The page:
On many days you’d walk by and find him sittingat a table with a member of the faculty or staff,checking a tax return before the filing deadline orreviewing a retirement plan.
He shared that love of personal finance withhis students, incorporating those lessons intostatistics classes and, in the last few years of hiscareer, designing a new course in economics andpersonal finance. The class built off the lessonshe was already sharing with faculty, as well asthe personal finance seminars he taught eachspring to members of the sixth form. Years latermany graduates remember those hours with Mikeas some of the most important lessons they gotduring their final weeks at Woodberry.
And you can’t remember Ski withoutremembering his suits. So many suits, in all sortsof styles. Always with shoes, socks, ties, and evena pocket square that matched just so. He was,without a doubt, the best-dressed member ofthe faculty. On warm, sunny days in the fall orspring, and always at graduation, you could counton a straw hat to adorn Mike’s head as he walkedacross campus.
Mike’s wife, Kim, is also an educator, working formany years as a preschool director in Orange. Herstudents and their parents, inevitably, referred toher as Mrs. Ski. The Szydlowski’s t wo sons, Beaton’04 and Kane ’07, are both Woodberry graduates.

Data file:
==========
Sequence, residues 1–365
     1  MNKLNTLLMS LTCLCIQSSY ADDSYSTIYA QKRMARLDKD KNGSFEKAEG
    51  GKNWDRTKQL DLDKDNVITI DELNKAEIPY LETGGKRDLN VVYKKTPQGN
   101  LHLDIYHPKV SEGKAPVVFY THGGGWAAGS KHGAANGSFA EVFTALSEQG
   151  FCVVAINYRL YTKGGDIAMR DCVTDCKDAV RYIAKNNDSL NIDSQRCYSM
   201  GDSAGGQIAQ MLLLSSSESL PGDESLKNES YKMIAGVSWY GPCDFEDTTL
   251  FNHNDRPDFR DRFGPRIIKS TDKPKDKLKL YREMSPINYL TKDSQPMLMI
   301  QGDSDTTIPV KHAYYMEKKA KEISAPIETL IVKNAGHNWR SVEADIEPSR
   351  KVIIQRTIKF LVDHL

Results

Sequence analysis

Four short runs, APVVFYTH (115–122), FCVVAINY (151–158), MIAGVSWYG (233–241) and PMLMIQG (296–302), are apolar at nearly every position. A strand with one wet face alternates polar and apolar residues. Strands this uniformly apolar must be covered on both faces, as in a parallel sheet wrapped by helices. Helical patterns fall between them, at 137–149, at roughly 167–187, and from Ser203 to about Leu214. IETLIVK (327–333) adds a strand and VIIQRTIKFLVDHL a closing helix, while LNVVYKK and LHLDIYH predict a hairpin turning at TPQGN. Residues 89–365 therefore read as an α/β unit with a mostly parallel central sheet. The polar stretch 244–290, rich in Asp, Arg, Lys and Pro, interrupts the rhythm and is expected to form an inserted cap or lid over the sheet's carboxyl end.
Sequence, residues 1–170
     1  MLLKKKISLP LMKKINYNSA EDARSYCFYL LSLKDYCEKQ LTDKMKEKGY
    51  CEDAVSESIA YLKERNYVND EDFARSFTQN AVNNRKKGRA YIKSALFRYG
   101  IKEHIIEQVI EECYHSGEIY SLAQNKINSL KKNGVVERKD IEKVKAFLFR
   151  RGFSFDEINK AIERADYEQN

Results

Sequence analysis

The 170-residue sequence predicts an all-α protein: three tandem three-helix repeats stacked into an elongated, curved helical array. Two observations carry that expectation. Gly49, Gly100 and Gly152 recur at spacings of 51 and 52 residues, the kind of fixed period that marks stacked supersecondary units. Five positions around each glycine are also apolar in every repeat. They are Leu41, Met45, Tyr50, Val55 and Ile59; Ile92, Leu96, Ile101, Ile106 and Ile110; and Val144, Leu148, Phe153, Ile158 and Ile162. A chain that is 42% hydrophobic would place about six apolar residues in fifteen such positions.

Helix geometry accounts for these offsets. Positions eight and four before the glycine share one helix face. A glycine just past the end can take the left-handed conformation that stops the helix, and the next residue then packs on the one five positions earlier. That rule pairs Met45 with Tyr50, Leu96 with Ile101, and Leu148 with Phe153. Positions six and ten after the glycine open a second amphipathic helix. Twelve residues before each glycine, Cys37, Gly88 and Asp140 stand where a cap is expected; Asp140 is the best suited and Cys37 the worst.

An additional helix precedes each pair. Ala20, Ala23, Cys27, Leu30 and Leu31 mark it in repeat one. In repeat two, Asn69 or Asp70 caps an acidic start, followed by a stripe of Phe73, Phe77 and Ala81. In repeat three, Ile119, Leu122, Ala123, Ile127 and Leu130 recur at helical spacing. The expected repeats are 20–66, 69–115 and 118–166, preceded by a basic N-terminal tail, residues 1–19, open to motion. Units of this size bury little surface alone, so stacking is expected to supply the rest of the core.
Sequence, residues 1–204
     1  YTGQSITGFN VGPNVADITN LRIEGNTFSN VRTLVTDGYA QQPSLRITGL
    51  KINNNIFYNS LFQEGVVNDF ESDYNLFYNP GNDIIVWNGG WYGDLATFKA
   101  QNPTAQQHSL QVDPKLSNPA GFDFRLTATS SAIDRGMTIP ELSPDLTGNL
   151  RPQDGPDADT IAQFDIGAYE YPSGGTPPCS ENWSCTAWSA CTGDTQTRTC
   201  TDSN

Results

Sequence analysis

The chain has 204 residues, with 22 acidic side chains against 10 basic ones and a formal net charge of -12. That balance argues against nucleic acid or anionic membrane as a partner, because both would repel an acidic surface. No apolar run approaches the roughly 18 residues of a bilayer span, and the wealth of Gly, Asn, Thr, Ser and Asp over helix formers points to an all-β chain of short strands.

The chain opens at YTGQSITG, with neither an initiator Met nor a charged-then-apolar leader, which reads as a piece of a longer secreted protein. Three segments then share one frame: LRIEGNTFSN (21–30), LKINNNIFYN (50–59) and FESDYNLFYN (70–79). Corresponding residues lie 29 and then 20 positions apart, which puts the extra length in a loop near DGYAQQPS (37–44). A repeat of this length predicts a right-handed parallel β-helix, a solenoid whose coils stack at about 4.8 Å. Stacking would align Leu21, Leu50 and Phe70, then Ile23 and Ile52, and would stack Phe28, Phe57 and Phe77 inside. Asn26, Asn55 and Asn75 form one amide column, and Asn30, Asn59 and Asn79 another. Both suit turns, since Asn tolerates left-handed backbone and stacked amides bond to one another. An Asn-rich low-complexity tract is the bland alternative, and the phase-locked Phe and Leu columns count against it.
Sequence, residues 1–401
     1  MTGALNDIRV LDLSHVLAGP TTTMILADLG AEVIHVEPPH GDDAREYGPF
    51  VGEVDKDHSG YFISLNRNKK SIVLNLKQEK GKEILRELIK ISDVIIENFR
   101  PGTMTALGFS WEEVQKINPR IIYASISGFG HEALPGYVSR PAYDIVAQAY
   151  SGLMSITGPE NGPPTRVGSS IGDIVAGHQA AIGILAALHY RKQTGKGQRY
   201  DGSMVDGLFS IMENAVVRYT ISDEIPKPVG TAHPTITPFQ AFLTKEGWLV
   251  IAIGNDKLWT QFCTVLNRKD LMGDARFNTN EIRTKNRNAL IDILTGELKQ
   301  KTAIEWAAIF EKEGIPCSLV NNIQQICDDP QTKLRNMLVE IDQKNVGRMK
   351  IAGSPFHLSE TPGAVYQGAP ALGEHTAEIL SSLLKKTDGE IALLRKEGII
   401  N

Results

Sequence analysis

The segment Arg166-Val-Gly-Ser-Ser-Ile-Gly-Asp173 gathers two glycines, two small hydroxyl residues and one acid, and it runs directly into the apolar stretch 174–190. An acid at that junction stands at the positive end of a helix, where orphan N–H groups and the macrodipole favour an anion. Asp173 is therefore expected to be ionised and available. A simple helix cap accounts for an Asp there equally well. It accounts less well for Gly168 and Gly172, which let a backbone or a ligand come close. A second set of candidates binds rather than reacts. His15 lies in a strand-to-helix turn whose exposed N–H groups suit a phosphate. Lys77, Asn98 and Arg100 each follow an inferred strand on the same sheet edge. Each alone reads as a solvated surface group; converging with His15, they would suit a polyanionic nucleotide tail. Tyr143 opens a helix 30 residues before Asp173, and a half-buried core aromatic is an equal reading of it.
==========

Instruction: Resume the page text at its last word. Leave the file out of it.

The Skis are retiring to Williamsburg. Andas they unpack the boxes in their new home, itseems a sure bet that the moving process will beaccompanied by a cry of “Stank!”
— JACOB GEIGER ’05
I had the perfect title forthis before I began: “TheConsummate School Man!”Except that Ted wouldcringe at such a fusty cliché.
Ted once told his students about tearing up
a perfectly nice thank-you note to his mother
because, he’d realized, it was just so typical. “I
realized that my mother and her gift deserved
better,” he said, and I have never forgotten that line,
which just makes all the abstract literary theory
about the primacy of the audience (whatever that
means) as real as your mom reading a note and
smiling because she’s touched by the words and
not just relieved you remembered your manners.
Writing isn’t easier because you know this, but it
matters a lot more — like all truth-telling matters,
like all relationships of trust matter. It’s serious
business. But it’s also play. “All writing is creative
writing,” Ted likes to tell his students. Give that
topic a whirl. Go ahead and try that crazy strategy.
Explore that angle. But he also taught them, as
Wendell Berry put it, “the difference between
good work and sham.” He taught them to dream